She begins the first of her three chapters in the late 1980s, when she went to El Salvador to cover the war, and began documenting the toll the violence was taking on local kids. In the 1990s, she decided to follow the lives of Central American diaspora youth in the U.S., and photographed many Central American immigrants who were involved in a variety of gangs, as well as victims of violence and the terror in their neighborhoods. When some of the kids she had met returned south of the border—some to flee the danger on the street, others because they were deported—she followed them, and saw how the violence continued, perpetuating the cycle of trauma. She also taught multimedia workshops in El Salvador with both barrio kids and university students.
Her photos humanize the stories behind statistics. Some of her sweetest photos tell the most shocking stories. One photo shows a teenage couple lying on a bed with their baby between them, smiling; the caption explains that they keep binoculars nearby so they can check the street for rival gang members or police before they bring their baby outside. Another photo shows a woman bathing a baby while a little boy plays nearby. The woman’s husband was murdered by Salvadoran army troops during the civil war, and she has since lost two of her sons to gang violence; the baby girl and little boy are her grandchildren.
In his foreword, author and critic Fred Ritchin notes that in contrast to the typical “image equivalent of fast food” that’s presented without context and consumed in haste, the photos and text in Unsettled demand and reward full immersion. Unsettled is a work of excellent journalism as well as photojournalism; it makes us care about a story with no simple answer. —Holly Stuart Hughes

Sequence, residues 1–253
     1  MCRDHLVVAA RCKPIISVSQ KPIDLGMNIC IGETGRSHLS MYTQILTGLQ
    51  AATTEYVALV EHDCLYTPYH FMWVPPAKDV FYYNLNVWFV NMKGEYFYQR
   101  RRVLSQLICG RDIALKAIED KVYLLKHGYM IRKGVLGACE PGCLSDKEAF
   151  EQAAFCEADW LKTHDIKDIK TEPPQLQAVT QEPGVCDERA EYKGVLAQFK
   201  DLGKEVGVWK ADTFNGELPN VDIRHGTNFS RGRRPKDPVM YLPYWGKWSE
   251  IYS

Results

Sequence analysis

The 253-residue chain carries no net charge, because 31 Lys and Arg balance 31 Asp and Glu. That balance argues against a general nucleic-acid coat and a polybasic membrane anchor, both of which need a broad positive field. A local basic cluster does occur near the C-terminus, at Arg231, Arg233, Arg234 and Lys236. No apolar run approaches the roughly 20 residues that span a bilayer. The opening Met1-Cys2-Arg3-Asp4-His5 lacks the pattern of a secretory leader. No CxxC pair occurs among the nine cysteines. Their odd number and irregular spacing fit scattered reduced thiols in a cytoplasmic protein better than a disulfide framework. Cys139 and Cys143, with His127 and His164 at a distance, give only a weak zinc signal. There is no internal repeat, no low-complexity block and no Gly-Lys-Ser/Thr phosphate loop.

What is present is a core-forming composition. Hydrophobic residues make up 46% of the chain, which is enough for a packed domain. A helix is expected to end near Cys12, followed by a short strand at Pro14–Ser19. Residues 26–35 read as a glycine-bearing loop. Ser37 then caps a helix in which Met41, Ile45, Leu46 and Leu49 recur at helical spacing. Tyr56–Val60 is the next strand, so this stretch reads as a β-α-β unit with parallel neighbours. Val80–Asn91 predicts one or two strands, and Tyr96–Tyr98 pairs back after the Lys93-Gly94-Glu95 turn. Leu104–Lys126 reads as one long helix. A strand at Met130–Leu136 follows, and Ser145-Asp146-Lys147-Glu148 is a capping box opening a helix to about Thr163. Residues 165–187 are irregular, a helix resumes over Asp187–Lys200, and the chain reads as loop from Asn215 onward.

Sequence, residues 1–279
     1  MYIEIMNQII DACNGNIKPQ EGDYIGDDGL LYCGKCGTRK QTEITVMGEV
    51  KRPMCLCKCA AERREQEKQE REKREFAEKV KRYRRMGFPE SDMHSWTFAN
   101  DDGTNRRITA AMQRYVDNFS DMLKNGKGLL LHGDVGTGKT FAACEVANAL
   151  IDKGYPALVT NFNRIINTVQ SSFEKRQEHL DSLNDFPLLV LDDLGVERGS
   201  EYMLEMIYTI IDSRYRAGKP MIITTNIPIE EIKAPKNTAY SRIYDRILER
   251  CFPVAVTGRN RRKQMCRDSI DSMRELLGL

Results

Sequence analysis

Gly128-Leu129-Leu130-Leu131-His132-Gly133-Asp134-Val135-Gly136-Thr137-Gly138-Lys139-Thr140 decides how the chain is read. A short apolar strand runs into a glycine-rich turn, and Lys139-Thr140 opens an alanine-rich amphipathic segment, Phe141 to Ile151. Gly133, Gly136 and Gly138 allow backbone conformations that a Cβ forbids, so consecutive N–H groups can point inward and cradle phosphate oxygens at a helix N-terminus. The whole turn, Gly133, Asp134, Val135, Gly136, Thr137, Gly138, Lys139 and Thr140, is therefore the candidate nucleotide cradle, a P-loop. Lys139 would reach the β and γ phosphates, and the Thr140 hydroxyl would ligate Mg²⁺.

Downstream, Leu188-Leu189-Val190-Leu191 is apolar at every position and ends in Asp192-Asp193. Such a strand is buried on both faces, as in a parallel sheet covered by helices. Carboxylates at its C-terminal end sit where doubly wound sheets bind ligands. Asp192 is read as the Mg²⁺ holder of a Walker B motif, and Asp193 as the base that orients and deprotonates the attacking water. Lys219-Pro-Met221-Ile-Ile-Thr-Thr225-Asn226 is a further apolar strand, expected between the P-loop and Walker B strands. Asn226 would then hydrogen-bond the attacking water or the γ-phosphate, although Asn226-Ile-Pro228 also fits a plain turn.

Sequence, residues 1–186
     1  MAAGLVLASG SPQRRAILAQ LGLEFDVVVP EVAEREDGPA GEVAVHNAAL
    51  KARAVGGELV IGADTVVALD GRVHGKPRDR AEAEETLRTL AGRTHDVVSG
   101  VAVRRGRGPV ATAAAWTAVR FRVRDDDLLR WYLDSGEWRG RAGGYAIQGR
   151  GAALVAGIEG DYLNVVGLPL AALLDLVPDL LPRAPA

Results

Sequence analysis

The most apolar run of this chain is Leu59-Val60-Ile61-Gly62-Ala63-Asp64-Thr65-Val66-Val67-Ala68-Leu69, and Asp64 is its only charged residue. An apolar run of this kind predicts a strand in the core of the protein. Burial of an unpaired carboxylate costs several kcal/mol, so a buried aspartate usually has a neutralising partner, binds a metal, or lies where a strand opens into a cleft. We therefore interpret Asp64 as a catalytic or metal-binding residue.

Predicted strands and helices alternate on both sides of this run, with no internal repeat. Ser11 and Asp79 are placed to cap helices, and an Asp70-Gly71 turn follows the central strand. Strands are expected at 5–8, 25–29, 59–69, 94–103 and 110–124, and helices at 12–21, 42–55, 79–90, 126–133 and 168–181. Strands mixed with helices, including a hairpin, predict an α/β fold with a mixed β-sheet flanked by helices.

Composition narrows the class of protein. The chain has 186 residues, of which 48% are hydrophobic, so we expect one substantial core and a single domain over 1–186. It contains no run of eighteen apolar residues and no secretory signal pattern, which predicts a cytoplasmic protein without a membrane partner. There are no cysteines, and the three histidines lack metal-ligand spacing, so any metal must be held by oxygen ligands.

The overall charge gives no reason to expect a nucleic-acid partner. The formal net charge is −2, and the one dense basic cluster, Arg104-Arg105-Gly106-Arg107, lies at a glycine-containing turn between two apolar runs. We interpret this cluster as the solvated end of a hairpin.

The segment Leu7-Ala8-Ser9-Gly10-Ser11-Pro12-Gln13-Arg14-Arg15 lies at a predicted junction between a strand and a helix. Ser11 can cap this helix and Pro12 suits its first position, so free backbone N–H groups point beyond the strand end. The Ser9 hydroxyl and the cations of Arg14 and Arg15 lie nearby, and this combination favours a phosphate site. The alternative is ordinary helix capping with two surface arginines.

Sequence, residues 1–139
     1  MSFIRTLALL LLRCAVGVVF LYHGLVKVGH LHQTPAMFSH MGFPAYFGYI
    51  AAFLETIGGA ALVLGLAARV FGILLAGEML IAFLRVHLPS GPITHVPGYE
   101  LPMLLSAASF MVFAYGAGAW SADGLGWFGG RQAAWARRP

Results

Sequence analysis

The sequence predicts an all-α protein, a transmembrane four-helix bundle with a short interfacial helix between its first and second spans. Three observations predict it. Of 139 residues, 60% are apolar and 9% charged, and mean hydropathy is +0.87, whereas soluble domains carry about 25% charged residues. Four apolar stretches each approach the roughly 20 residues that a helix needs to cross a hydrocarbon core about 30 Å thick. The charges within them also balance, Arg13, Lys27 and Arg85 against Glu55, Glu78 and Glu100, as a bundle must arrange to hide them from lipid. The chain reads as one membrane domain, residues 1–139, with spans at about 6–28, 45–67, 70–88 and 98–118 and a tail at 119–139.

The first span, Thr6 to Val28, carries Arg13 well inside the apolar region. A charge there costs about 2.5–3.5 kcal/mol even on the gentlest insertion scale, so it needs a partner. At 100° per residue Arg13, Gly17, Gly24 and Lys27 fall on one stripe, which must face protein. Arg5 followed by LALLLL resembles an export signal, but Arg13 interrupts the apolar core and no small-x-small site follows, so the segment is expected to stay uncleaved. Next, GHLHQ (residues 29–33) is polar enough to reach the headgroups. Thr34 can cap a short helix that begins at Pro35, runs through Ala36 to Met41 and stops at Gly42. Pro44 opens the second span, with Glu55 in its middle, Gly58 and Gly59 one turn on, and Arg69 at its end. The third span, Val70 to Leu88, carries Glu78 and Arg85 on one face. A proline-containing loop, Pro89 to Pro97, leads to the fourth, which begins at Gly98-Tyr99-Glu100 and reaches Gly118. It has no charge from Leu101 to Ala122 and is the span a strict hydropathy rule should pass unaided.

By Lieko Shiga
280 pages; 186 color images
In 2009, Japanese photographer Lieko Shiga moved to Kitakama in Japan’s Miyagi Prefecture, and went to work as the city’s official photographer. Collaborating with the local population, Shiga produced a series of images that depict the residents and the landscape in a manner that recalls magical realism.
Shiga’s works are captivating, at least partially because it’s seldom possible to read them at a glance. Through her use of light and color, she renders what might seem familiar impossible. Certain elements of her images always confound our understanding. What appear to be tire tracks on a beach at second glance look like something else—the circle is closed neatly and is too perfectly round, and the color looks off, the beach tinted pink and green. A kind-looking old woman sits peacefully, except she has four arms. In an image of an adult couple, a tree trunk sticks through the midsection of the man, and its dead root structure, covered in a spray of red light, extends up above his head, as if the thing had been plunged through him by a giant. Yet he seems at peace. A human hand, floating in darkness, holds a lit-up ring or orb. A woman stands next to what may be a pine tree, except it’s glowing white. Light often seems to be bursting through objects or figures in Shiga’s images, as if penetrating this world from another dimension.
Shiga seems to be showing us a series of smaller stories that make up a larger history of a people and place, but whether the images reference actual Kitakama history or legend, or are fabrications is unclear and ultimately inconsequential—there is more than enough here for viewers to imagine and find their own understanding.
We do know Kitakama was severely damaged in 2011 by the earthquake and tsunami that struck Japan, and that these images were created after that natural disaster, because Shiga’s work up to that point was destroyed. Once we know that, some of Shiga’s images seem to reference the disaster more directly. Still, we look at the image of the uprooted tree stuck through the man, or of the animal laying dead and covered on the beach, or of the person holding a figure emanating blue light, and wonder if we are seeing a representation of recent history, a reference to some legend, or a new, pure fabrication built through the magic of photography and light. —Conor Risch
Best Photo Books of 2013: Part 2